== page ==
Myth #7: “People like us”

People have always been attracted to people like them, indeed for that to happen we only need one thing in common with someone else. We see that happening in how we make education choices including picking schools and other education institutions, even though diversity and inclusion benefits us all in a whole variety of ways, whereas the costs of segregation and less social cohesion can be severe.

Myth #8: Somebody else will solve the problem

Finally, we are all less likely to intervene and help when other people are around, with severe consequences when no one steps in until too late even when things are going wrong. It is shocking the extent to which this happens and how it can apply to situations like bullying or even serious forms of abuse. We tell ourselves that someone else will deal with them, but further examination shows that often isn’t the case.

Which of these education myths have you previously believed? So share in a comment below.

To find out more about these education myths, the Educated Guess is available to buy now at Amazon

Author bio

Warwick Sharp has a decade of experience in education policy and has also been a secondary school teacher and a school and college governor. 

9 comments

  1. This is really interesting. As a former secondary school teacher myself, I totally agree with a lot of these, though I’d disagree that smaller class size advantage is a myth. My classes were all extremely mixed ability and background, and were never less than 30 to a class. With a smaller class size, I could definitely have given each student much more attention and targeted help than I was able to do with the time and resources I had. But obviously it’s far from the only factor in what makes a good education. I think it’s important as parents that we take equal responsibility of our children’s education, rather than relying on schools to do it all, so it’s really helpful to think about common misconceptions like the others in your list.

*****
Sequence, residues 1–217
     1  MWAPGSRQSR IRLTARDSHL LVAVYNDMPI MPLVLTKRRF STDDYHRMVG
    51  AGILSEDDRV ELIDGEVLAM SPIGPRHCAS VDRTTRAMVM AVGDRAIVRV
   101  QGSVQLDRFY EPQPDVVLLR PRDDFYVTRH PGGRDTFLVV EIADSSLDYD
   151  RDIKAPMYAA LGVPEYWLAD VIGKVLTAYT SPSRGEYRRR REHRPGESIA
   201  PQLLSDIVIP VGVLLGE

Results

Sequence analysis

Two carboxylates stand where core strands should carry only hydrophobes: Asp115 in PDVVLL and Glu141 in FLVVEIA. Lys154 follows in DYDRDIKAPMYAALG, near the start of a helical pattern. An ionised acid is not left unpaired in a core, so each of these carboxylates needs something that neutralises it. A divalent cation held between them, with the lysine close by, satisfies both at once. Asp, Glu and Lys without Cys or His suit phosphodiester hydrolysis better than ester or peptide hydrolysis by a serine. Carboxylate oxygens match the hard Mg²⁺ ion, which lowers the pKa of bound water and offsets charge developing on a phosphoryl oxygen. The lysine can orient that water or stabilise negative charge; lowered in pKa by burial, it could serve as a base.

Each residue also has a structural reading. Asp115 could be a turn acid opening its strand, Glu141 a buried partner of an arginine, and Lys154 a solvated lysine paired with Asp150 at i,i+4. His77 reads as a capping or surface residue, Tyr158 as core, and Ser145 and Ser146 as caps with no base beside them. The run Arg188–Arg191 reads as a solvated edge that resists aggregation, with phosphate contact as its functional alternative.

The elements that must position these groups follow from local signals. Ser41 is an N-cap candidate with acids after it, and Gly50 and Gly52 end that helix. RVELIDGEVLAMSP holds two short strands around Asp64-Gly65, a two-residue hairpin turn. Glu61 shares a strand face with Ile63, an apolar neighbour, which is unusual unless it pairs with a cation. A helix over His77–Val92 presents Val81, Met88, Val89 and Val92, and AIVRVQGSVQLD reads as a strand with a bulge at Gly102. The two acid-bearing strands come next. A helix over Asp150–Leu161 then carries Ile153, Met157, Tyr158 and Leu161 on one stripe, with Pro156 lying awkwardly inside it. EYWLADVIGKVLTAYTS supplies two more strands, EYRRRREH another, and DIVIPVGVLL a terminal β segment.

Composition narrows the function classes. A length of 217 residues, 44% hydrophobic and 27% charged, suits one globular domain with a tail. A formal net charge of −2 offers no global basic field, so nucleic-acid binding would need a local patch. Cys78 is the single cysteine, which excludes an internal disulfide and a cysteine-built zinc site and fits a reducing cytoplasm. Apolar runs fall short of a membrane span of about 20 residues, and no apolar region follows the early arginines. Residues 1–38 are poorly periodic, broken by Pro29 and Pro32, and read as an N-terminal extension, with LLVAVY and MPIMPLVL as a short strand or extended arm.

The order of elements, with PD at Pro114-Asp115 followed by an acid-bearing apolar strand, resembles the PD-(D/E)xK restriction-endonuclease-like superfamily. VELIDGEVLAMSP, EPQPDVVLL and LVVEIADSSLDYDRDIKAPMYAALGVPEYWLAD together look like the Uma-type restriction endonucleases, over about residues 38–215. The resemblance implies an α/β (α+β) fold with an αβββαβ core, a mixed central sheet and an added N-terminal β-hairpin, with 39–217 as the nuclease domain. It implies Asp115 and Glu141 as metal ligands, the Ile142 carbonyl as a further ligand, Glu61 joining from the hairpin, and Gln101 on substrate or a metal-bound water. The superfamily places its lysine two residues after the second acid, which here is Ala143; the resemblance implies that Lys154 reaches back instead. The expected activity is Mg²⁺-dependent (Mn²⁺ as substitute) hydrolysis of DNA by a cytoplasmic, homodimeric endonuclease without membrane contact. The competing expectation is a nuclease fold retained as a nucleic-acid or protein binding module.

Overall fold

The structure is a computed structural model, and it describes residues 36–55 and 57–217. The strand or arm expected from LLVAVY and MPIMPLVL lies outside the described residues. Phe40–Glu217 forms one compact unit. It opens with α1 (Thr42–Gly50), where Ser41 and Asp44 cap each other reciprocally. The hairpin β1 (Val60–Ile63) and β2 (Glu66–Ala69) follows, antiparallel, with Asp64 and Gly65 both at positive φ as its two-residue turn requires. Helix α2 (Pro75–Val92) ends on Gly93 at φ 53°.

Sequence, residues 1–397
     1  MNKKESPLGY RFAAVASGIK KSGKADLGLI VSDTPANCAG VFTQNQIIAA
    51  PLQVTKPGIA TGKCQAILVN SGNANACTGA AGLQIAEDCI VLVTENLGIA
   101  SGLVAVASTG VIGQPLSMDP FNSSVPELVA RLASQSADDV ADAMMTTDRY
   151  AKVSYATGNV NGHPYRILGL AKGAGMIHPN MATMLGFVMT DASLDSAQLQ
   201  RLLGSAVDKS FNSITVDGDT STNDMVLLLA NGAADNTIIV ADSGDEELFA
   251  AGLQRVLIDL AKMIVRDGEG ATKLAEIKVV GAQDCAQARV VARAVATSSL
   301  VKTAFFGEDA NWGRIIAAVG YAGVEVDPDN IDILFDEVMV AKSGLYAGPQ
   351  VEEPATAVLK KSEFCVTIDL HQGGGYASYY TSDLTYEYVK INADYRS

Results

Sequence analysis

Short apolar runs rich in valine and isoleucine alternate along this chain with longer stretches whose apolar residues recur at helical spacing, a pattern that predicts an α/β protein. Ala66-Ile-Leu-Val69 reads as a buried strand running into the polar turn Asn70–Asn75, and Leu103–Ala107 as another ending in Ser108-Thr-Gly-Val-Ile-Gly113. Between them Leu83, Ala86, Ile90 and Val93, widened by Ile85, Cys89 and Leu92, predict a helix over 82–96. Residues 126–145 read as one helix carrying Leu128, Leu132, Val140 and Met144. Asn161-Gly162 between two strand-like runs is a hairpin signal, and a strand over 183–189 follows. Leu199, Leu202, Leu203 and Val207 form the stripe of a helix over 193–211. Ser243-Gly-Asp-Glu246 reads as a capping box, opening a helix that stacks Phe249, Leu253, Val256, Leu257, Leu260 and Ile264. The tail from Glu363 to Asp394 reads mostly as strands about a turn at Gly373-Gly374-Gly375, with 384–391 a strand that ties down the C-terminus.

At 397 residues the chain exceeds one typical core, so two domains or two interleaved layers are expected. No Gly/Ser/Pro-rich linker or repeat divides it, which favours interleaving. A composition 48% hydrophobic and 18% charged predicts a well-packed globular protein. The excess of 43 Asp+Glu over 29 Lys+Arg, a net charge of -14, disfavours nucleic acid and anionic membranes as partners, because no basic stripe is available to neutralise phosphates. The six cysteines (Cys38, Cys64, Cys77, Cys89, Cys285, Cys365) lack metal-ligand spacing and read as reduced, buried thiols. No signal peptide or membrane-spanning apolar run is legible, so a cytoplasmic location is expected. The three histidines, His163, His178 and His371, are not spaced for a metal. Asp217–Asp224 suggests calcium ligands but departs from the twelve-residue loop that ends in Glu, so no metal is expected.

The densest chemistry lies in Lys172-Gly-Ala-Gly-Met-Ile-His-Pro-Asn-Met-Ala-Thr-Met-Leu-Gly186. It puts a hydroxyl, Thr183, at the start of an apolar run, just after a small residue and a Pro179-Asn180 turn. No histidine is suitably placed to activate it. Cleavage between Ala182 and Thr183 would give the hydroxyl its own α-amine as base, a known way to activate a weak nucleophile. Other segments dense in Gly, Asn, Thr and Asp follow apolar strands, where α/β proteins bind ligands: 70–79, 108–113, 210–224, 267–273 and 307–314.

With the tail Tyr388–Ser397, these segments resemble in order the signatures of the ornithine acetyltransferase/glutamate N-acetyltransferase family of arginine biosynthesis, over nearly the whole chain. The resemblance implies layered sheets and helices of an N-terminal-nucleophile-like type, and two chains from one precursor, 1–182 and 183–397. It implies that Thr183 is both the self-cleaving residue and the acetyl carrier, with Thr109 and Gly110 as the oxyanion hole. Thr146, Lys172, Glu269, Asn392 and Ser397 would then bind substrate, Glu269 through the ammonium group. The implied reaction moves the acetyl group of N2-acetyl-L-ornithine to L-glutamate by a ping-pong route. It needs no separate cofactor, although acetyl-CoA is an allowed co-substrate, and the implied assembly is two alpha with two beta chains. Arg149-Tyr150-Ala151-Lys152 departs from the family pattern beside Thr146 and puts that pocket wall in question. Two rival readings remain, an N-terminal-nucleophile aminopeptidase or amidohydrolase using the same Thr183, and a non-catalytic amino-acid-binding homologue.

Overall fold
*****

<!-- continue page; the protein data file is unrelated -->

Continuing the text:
2. The education system is forever changing and adapting and I think that there are many positive changes for those children who are less academic and more practical learners. Teachers have such a hard job these days to meet the needs of each individual pupil, but they always try their hardest for progress 🙂

  3. I don’t always believe now Uni is the best option. I know people who have gone straight into work and built themselves up and climbed the ladder. They are doing really well, moved out and are very happy!

  4. I think class numbers can affect the level of teaching. That said it is also affected by the teacher as in my experience with my children some teachers are far better than others.

  5. Interesting post. My parents were both teachers and would say that small sized classes were better. At the point of my Mum retiring from teaching middle school her class was nearly 35 strong!

  6. This was an interesting read and I didn’t expect to actually agree with it as much as I did. I definitely agree with the extreme success stories!

  7. My sister was good at things that school didn’t necessarily measure, and school almost failed her, so I’d definitely agree with that. Not sure about the class sizes though, I guess it’s relative. My P1 is in a team-teaching class of 40 kids. They do have two teachers, so the ratio is actually better than in a ‘regular’ class, but the sensory overload of 40 kids in one room is still there, so in his case smaller would definitely be better.